I just looked at the reviews of this film on Amazon and was surprised to see that opinion is very much split. It seems you either love this film or you hate it. I loved it. Written, directed and starring the very talented Julie Delphy (Marion) and co-starring Adam Goldberg (Jack) the film explores 2 days in a couple's 2 year relationship. On holiday in Europe the couple travel to Paris to explore the city and visit Marion's parents. So far so uninspiring right but I was hugely amused by the interaction between the French family and American, neurotic, germ-obsessed Jack who doesn't speak French. Delphy's keen eye for family dynamics and excellent use of dialogue made me laugh out loud several times.
What she does even better, if that's possible, is the relationship between Marion and Jack. She's so spot on she made me cringe several times as the couple goes from light hearted banter to full blown argument. This is a couple so insecure and jealous they constantly second guess each other and push each other's buttons. During the course of the film several of Marion's exes appear out of the woodwork causing Jack to become more and more possessive and more and more obsessed with her past. Your sympathy switches from Marion to Jack and back as you try and work out who's in the right (if either of them are). You might laugh, you might cringe but you will feel like a voyeur, watching someone else's relationship play out.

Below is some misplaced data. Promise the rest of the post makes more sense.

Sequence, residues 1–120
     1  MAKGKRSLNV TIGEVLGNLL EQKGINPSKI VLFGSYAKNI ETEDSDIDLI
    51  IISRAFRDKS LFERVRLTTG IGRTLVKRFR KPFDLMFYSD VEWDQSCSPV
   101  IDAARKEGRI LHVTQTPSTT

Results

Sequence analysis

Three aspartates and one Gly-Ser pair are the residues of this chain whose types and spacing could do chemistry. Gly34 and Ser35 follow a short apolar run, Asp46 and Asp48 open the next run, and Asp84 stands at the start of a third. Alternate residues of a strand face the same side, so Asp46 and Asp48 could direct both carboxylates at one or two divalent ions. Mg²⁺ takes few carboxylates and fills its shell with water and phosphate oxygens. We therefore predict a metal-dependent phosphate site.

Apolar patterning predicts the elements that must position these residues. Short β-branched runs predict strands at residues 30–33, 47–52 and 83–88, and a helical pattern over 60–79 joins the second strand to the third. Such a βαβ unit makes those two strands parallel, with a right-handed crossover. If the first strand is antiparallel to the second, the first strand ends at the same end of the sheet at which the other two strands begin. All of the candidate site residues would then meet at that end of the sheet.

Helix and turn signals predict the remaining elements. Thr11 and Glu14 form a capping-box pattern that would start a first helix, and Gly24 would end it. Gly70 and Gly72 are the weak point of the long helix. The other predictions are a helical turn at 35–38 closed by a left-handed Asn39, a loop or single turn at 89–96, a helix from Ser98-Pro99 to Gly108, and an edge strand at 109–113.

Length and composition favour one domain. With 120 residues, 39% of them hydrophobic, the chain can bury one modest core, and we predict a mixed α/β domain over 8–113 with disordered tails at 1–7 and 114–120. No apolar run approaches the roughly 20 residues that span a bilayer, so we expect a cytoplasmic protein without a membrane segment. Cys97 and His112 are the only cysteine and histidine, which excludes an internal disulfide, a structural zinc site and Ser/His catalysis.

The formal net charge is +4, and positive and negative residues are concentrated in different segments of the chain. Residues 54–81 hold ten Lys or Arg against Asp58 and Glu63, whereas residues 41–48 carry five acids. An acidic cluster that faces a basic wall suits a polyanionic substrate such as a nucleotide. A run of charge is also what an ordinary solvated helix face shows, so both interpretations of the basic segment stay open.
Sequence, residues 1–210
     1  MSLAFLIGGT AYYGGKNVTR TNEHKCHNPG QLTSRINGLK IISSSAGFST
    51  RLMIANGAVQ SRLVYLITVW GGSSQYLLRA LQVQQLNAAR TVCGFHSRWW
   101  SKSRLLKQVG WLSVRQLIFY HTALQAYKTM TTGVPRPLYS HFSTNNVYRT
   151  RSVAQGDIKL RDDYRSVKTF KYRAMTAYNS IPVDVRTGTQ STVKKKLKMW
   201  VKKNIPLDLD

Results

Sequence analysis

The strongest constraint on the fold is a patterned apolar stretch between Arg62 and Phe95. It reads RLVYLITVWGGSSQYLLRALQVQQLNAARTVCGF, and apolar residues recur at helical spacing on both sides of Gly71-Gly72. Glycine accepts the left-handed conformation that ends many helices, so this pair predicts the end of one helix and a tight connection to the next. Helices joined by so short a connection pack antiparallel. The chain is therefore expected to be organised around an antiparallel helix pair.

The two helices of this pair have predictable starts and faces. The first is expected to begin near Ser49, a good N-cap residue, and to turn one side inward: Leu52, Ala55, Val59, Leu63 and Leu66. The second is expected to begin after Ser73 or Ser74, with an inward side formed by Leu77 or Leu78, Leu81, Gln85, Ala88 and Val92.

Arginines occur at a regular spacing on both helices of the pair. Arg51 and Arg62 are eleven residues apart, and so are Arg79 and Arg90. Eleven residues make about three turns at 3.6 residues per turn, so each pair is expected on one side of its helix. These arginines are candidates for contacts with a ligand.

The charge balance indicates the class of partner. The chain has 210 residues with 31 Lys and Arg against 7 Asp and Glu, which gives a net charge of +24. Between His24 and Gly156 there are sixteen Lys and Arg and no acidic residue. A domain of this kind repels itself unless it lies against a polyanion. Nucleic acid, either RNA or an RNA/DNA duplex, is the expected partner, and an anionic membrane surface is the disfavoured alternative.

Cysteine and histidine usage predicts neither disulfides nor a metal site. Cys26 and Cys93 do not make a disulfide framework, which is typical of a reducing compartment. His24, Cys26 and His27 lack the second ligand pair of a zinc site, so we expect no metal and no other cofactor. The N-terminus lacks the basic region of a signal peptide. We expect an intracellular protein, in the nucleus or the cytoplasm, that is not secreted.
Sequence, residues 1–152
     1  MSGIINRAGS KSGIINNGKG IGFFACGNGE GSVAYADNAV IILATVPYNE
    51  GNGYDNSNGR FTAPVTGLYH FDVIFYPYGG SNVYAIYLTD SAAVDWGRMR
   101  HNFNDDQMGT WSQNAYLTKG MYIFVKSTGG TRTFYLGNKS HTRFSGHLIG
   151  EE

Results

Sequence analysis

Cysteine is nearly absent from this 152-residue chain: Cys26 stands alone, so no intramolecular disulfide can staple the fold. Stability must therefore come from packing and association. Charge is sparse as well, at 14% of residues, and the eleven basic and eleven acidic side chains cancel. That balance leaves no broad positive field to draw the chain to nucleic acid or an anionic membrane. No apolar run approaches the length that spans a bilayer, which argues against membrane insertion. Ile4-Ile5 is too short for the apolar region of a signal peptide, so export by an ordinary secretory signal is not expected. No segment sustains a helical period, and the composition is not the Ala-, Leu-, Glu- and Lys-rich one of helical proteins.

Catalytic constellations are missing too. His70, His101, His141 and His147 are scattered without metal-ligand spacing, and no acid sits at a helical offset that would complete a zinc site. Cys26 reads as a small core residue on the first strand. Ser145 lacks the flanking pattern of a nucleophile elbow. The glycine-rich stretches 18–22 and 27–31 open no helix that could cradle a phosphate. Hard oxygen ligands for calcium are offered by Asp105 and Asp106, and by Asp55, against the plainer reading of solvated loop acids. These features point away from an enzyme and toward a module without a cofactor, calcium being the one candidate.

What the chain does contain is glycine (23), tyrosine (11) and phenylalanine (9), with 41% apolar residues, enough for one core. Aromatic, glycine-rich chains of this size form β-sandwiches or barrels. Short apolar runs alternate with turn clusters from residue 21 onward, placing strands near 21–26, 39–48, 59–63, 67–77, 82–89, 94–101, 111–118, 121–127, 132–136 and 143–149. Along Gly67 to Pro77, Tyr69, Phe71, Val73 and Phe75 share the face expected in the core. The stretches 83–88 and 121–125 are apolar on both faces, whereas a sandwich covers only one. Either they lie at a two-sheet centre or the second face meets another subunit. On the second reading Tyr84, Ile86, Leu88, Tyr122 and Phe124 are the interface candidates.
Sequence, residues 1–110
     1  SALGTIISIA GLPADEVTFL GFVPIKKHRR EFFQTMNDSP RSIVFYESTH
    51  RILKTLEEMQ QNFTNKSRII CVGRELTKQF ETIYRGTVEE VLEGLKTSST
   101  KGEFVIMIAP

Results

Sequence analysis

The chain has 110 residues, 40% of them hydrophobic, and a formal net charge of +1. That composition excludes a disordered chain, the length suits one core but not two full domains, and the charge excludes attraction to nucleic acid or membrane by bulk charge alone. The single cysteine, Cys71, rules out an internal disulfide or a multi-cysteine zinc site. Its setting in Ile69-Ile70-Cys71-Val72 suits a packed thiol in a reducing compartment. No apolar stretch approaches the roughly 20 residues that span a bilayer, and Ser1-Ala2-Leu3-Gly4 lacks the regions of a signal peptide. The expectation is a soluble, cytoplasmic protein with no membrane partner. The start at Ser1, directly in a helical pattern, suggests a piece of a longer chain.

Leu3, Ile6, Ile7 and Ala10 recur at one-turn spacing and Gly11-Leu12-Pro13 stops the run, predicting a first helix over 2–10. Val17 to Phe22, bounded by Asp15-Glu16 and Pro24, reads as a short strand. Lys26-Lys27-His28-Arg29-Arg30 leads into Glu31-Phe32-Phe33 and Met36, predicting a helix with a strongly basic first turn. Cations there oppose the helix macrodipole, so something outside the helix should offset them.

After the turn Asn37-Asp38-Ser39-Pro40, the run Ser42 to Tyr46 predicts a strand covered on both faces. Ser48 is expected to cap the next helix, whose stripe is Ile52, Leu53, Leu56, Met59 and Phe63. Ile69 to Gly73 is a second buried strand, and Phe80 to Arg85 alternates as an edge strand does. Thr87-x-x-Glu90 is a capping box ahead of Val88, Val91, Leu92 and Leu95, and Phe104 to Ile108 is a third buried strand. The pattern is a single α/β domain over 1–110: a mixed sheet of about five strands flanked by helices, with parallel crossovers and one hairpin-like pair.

If you've even had an argument with a partner about your exes or your past you'll be able to relate to this film. Probably one to watch to with the girls rather than your partner though!
Away From Her
Julie Christie was nominated for an Oscar for this film and I was really looking forward to seeing it...BUT...I couldn't help but compare it with Iris  (starring Judy Dench and Jim Broadbent) which is one of my favourite films ever...and this film really suffered in comparison.
I never really believed in the relationship between Fiona and Grant in the same way I did between Iris and her husband. As a result I didn't feel as distraught as I thought I might when Fiona goes off to a care home and, while Christie's portrayal of an Alzheimer sufferer was certainly subtle it didn't make me ache in the same way Dench did. With Dench I felt her confusion and fear with Christie it all felt so wishy washy and just...I don't know...fine (like having Alzheimers wasn't the worst thing in the world). There were some touching moments in this film but it was too slow, too gentle, too meandering to pull me in. In Iris the two main characters constantly interact, they bounce off each other, they argue with each other, they cry, they scream, they're human...in Away From Here they're constantly at arm's length, two stranger in effect and, as a result, there's no dramatic tension.
Maybe if I hadn't seen (and loved) Iris I might have liked Away From Her more. Shame.
Oh! I did do one thing writing-related. I edited a short story to send off to a woman's magazine. That makes two subs this month. Better than nothing I suppose!